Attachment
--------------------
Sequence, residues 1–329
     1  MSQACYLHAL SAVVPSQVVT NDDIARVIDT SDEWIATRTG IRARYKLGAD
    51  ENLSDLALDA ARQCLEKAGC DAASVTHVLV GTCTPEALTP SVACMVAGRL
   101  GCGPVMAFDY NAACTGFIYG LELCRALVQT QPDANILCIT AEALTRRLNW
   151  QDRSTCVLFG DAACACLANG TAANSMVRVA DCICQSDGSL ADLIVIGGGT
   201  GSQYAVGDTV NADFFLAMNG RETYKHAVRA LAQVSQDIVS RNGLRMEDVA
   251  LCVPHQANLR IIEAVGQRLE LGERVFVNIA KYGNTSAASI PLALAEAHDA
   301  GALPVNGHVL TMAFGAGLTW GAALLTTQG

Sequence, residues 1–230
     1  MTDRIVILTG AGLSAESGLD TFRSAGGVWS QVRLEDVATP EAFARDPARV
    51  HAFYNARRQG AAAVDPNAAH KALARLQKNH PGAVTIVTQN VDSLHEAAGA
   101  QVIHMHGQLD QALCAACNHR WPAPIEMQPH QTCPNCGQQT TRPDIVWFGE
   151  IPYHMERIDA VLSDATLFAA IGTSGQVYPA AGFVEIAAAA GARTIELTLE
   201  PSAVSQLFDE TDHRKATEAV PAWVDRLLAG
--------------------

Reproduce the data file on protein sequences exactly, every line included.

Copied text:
Sequence, residues 1–329
     1  MSQACYLHAL SAVVPSQVVT NDDIARVIDT SDEWIATRTG IRARYKLGAD
    51  ENLSDLALDA ARQCLEKAGC DAASVTHVLV GTCTPEALTP SVACMVAGRL
   101  GCGPVMAFDY NAACTGFIYG LELCRALVQT QPDANILCIT AEALTRRLNW
   151  QDRSTCVLFG DAACACLANG TAANSMVRVA DCICQSDGSL ADLIVIGGGT
   201  GSQYAVGDTV NADFFLAMNG RETYKHAVRA LAQVSQDIVS RNGLRMEDVA
   251  LCVPHQANLR IIEAVGQRLE LGERVFVNIA KYGNTSAASI PLALAEAHDA
   301  GALPVNGHVL TMAFGAGLTW GAALLTTQG

Sequence, residues 1–230
     1  MTDRIVILTG AGLSAESGLD TFRSAGGVWS QVRLEDVATP EAFARDPARV
    51  HAFYNARRQG AAAVDPNAAH KALARLQKNH PGAVTIVTQN VDSLHEAAGA
   101  QVIHMHGQLD QALCAACNHR WPAPIEMQPH QTCPNCGQQT TRPDIVWFGE
   151  IPYHMERIDA VLSDATLFAA IGTSGQVYPA AGFVEIAAAA GARTIELTLE
   201  PSAVSQLFDE TDHRKATEAV PAWVDRLLAG